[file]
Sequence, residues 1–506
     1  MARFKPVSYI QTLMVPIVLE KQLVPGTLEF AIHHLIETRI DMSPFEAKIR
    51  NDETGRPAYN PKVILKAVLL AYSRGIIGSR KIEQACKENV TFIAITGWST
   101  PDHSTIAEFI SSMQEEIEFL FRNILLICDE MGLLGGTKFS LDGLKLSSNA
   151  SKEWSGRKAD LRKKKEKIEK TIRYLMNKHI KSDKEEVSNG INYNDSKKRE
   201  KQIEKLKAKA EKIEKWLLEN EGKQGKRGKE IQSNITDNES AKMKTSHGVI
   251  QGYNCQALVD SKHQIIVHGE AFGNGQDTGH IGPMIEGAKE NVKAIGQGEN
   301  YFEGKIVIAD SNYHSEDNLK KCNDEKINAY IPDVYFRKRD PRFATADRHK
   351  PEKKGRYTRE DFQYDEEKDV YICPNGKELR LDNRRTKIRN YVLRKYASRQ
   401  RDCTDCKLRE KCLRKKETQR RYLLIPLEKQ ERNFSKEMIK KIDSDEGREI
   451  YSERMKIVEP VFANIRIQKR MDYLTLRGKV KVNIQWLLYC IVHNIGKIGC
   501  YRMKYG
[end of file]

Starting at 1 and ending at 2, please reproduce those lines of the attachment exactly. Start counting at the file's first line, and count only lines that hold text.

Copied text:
Sequence, residues 1–506
     1  MARFKPVSYI QTLMVPIVLE KQLVPGTLEF AIHHLIETRI DMSPFEAKIR